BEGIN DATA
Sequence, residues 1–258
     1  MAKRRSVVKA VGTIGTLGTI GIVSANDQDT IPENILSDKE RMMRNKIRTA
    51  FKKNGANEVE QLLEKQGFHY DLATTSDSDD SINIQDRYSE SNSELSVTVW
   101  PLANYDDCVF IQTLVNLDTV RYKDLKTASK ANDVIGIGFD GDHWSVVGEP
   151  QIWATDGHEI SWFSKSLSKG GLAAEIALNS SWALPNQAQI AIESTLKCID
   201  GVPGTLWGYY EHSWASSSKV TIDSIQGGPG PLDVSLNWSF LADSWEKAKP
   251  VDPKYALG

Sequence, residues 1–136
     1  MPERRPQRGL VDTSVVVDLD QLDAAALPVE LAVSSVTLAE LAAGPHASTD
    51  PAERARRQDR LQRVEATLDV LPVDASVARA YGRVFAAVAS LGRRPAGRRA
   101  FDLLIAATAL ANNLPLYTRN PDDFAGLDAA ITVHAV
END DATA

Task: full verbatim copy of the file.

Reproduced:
Sequence, residues 1–258
     1  MAKRRSVVKA VGTIGTLGTI GIVSANDQDT IPENILSDKE RMMRNKIRTA
    51  FKKNGANEVE QLLEKQGFHY DLATTSDSDD SINIQDRYSE SNSELSVTVW
   101  PLANYDDCVF IQTLVNLDTV RYKDLKTASK ANDVIGIGFD GDHWSVVGEP
   151  QIWATDGHEI SWFSKSLSKG GLAAEIALNS SWALPNQAQI AIESTLKCID
   201  GVPGTLWGYY EHSWASSSKV TIDSIQGGPG PLDVSLNWSF LADSWEKAKP
   251  VDPKYALG

Sequence, residues 1–136
     1  MPERRPQRGL VDTSVVVDLD QLDAAALPVE LAVSSVTLAE LAAGPHASTD
    51  PAERARRQDR LQRVEATLDV LPVDASVARA YGRVFAAVAS LGRRPAGRRA
   101  FDLLIAATAL ANNLPLYTRN PDDFAGLDAA ITVHAV